My First Whitewater Kayaking Class

By Robert Macias
Austin Expert,

Although I was the editor of an outdoors magazine for five years, the truth is I spent way too much time staring at a computer, sitting on my ever-expanding butt.

An all-day whitewater kayaking class on the San Marcos River seemed like a great way to begin the process of re-awakening the muscles that didn’t see much action while answering emails or repairing grammatical errors.
At the Olympic Outdoor Center in San Marcos, instructor and former Olympian Ben Kvanli asked the class of 11 students to describe any previous kayaking experience and explain what they’d like to get out of the course. I was glad to see that there was a good mix of beginner and intermediate kayakers. I’d done a little kayaking before, but mostly on calm water. And I had a great trip a couple of years ago to British Columbia, where I spent a week kayaking amid the orca along the Johnstone Strait. That should put me at the intermediate level, right? Wrong! Faster water, smaller kayaks—it’s totally different.

After the brief orientation, we loaded up the kayaks, jumped in a van, and arrived at the parking lot of the Saltgrass Steakhouse. I was sad to discover the restaurant wasn’t open yet and a mid-morning steak break was out of the question. The eatery just happened to be close to our launching point.

Lessons on Dry Land

[post_ads]Ben gave us a few pointers as we sat in our kayaks in the parking lot. I should’ve listened more closely to the part about where your knees are supposed to be. When I first inserted myself into the kayak, the footrests seemed to be entirely too close to the man-hole (probably not the right term for the seating area). My knees were rammed into the top of the kayak in a very uncomfortable fashion. However, when I moved the footrests further toward the front of the kayak, I think I over-compensated. As it turns out, your knees should be in constant contact with the top of the kayak—that’s what gives you control.

With the parking lot lesson completed, we all slipped into our skirts. Wearing a spray skirt when you’re not actually in a kayak is fairly humiliating; it looks like a big Rolling Stones tongue hanging off your waist. Fortunately, we all looked equally foolish. When seated in the kayak, the “tongue” wraps around the, er, man-hole to seal the paddler in place (and prevent water from entering the kayak). I remembered from my Canada trip that it’s important to put all the accoutrements on in the right order. Basically, the sequence should be: skirt, life jacket, helmet, sunglasses. And anything you need to access while paddling, such as a (waterproof) camera or water bottle, needs to be attached to the life jacket (you can’t get to the interior of the kayak because of the skirt).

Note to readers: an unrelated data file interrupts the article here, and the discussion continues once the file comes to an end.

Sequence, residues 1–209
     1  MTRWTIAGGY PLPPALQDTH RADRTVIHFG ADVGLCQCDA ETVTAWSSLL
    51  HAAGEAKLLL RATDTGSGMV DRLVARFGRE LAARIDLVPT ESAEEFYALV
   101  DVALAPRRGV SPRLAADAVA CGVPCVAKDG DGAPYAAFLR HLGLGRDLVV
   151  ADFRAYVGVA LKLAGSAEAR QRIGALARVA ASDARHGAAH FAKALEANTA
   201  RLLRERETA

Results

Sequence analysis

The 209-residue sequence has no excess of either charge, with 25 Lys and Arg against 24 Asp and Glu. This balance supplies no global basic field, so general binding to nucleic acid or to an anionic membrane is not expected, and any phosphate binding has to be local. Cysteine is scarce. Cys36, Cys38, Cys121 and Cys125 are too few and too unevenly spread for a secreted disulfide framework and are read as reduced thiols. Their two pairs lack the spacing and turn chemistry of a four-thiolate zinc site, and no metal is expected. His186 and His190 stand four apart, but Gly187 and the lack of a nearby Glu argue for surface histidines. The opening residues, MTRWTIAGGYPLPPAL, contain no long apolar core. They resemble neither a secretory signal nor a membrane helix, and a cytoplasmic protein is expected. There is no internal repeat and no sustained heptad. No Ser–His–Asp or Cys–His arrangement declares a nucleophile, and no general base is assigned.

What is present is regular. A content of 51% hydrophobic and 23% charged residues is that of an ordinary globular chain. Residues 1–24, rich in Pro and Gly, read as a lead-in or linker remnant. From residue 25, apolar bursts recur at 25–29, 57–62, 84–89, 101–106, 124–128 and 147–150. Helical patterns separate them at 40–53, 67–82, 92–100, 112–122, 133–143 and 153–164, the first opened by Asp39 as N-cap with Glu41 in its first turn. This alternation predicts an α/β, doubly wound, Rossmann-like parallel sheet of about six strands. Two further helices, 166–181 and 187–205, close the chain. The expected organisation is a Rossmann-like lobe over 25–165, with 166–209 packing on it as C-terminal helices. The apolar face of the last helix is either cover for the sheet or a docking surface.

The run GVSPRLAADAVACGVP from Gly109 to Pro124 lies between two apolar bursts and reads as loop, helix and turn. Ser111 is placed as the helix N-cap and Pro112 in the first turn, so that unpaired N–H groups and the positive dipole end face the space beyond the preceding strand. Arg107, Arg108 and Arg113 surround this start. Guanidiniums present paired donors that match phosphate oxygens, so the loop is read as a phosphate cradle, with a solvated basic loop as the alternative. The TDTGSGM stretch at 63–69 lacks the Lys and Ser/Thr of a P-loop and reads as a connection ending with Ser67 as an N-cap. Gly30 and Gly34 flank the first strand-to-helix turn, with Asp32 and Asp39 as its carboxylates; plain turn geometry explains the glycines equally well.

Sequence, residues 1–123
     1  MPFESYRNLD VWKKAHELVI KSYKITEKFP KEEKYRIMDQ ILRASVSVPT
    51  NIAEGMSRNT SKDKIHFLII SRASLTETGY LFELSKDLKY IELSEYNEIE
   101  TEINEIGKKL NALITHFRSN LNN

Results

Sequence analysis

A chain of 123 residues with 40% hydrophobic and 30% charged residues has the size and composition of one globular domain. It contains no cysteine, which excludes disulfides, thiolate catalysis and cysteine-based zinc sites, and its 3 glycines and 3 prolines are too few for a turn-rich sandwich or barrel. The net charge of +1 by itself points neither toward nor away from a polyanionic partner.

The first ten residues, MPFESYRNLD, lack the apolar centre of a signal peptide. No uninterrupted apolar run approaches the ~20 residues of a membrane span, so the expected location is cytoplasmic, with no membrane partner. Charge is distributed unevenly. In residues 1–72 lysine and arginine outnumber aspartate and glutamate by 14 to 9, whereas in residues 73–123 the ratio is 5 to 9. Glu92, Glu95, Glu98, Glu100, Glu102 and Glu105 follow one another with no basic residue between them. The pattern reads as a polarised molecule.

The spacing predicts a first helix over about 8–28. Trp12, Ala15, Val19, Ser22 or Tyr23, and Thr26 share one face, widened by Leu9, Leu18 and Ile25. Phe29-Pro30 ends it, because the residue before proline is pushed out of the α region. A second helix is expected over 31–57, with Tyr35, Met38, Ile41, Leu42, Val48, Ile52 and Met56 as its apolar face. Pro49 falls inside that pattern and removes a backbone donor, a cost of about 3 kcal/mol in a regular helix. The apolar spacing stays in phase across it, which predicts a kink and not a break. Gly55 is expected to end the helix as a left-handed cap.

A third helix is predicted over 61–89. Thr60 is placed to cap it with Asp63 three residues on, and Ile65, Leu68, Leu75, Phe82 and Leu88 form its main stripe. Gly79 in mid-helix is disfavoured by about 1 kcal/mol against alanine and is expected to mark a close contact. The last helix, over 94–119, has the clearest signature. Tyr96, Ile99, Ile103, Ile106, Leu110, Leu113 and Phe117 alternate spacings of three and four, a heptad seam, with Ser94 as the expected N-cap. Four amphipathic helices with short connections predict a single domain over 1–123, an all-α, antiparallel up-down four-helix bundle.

The Easy Part
We lugged our kayaks a short distance and, with the help of Ben and his three assistants, we were soon paddling through nice, calm water, surrounded by giant elephant ears and pecan trees arching over the water. Ben demonstrated proper paddling form, which involves moving your body side to side, relying more on your stomach and leg muscles than your arms.

Easier said than done. As hard as I tried to follow the instructions, no matter what I did, my kayak pulled to the left like a car with alignment issues. And even when I paddled on the left to try to move the kayak to the right, I continued spinning to the left. The more current we encountered, the more severe the problem became. I learned to stop the spin by sticking my paddle into the water on the right side as a brake. After a while, I figured out that this probably had to do with the fact that my knees weren’t touching the top of the kayak. I pressed harder against the footrests and forced my knees upward, which seemed to help a little.

Upside Down Underwater
While I was still struggling to master the basics, we arrived at our first drop. Thankfully, it was more of a slide than a drop, with water flowing over a gradual concrete ramp. I made it over without incident and started to relax a little.

As my navigation skills were improving gradually, there was suddenly a new hazard to contend with: unruly hordes of tubers descended upon the river. Thankfully, most of them just bounced off when I ran into them.

When we approached the second drop, the instructors pulled us aside for another lesson. They said to aim for the V where the water was deepest and not to look at the rock on the left. It seems that by looking at an obstacle, you can unconsciously steer yourself right at it. Also, they said if you’re paddling faster than the current, you’ll be in control; otherwise, the current rules.